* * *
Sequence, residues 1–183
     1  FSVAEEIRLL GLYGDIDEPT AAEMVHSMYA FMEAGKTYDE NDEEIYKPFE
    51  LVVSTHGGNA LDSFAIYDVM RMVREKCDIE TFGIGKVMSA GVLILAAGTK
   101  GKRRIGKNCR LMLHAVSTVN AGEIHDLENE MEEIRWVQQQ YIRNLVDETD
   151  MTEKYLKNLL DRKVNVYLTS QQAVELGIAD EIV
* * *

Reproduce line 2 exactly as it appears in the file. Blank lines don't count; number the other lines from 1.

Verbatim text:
     1  FSVAEEIRLL GLYGDIDEPT AAEMVHSMYA FMEAGKTYDE NDEEIYKPFE